Trans Texas Corridor renamed, not dead
TURF reaction to TxDOT announcement:
The announcement by TxDOT Executive Director Amadeo Saenz at the Texas Transportation Forum that the “Trans Texas Corridor, as it was originally envisioned, is no more,” is just another in a series of comments to lead opponents into believing the Trans Texas Corridor is indeed dead. TURF believes this is a deliberate move to dupe opponents into complacency, and we expect iron-clad action before we begin celebrating victory.
It’s clear from the TxDOT Director’s speech, that it’s only a name change and the Trans Texas Corridor is, in reality, going underground.
This fact is evident in just about every news source across the state:
“‘Amadeo told folks at the forum that the Trans-Texas Corridor, as it was originally envisioned, is no more,’ Amacker (Saenz spokesperson) said. ‘Instead, what we’ve got is a series of smaller projects.’
Those ‘smaller projects’ will apparently include the 300-plus miles of what has been called TTC-35 from San Antonio to the Oklahoma border and the I-69 project from the Rio Grande Valley to Texarkana. But they will not be called the Trans-Texas Corridor.” — Austin American Statesman
“Other than backpedaling from the Trans-Texas Corridor brand, and the goals and priorities set over the years, the Trans-Texas Corridor remains intact.
TxDOT still plans to partner with private corporations to build and lease projects. Toll roads, truck-only lanes and rail lanes are also still on the table.
Environmental studies for the I-35 and East Texas corridor segments still chug through the pipeline. And a development contract with Cintra of Spain and Zachry Construction Co. of San Antonio, for projects paralleling I-35, is still valid.” — San Antonio Express-News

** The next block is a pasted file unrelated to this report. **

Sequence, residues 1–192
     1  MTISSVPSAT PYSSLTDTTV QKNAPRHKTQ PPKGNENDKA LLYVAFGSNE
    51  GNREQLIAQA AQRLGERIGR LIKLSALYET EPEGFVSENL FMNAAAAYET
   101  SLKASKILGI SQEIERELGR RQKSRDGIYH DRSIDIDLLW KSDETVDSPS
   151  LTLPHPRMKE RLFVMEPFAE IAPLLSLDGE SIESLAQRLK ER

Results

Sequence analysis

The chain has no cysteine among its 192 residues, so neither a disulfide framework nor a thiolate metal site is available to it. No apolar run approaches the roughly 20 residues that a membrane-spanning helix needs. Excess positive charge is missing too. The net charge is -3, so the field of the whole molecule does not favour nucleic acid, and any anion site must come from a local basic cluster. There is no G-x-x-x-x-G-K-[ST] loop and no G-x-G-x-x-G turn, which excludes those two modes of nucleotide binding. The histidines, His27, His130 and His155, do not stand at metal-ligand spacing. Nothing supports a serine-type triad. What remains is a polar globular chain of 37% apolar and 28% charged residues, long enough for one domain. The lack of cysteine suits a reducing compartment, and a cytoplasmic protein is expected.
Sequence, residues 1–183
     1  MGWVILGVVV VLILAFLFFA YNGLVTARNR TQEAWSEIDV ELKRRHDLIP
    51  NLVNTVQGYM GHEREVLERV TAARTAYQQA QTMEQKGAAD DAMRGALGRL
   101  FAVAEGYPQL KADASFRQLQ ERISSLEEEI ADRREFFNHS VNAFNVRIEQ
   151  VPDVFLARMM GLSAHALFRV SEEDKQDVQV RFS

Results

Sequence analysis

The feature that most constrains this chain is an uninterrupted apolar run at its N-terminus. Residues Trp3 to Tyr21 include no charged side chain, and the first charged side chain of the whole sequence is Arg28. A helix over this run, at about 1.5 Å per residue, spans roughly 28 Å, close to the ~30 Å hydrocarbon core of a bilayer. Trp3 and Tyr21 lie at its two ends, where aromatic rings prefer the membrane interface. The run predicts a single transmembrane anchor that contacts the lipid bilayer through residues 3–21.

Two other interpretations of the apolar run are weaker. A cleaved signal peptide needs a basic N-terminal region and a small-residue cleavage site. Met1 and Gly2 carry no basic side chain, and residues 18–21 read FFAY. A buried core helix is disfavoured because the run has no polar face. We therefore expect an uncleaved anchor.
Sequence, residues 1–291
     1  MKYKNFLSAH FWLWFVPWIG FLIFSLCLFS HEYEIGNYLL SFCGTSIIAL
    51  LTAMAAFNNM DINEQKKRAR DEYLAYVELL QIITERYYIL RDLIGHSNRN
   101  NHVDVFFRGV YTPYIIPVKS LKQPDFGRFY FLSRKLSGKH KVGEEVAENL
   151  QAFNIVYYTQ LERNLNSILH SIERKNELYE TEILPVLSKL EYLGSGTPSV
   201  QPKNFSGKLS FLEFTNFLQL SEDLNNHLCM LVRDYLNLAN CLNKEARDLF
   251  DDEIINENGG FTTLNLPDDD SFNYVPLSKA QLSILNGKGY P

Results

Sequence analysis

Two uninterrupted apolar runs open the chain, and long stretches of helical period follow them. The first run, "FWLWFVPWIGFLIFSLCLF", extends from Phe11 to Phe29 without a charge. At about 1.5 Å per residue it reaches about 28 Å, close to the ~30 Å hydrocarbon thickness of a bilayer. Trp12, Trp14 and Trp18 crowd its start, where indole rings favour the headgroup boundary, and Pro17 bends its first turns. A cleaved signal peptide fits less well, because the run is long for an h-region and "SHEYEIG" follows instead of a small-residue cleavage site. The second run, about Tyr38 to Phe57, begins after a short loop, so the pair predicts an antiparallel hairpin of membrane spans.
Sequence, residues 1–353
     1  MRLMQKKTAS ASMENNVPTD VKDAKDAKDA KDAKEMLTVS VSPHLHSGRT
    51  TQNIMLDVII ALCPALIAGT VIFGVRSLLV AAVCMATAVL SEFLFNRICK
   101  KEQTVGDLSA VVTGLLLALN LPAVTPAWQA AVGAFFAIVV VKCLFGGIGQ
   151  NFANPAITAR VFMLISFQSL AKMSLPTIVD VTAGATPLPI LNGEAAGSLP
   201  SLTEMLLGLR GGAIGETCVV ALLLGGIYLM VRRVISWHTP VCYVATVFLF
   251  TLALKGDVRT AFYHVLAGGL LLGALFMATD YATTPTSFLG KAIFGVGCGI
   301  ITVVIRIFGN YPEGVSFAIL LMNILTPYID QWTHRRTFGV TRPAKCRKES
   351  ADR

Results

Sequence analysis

“The renewed effort now will operate under the name ‘Innovative Connectivity Plan.'” — Houston Chronicle
No law has been changed, no minute order rescinded, no environmental document re-done (as is required by federal law), and there are still two contracts signed giving two Spanish companies the right of first refusal on segments of the corridor previously known as TTC-35 & TTC-69. So by every real measure, the Trans Texas Corridor goes on full steam ahead. What today’s hype was about is a political ploy to make the public go back to sleep while it gets built under a different name. While we welcome genuine responsiveness from TxDOT and a true repeal of the Trans Texas Corridor, this hardly qualifies.
Lets just say, we agree with Senator Robert Nichols’ statement in the Dallas Morning News:
“If it is just a name change, and nothing more, I don’t think that is going to do much to appease lawmakers,” said Nichols, R-Jacksonville.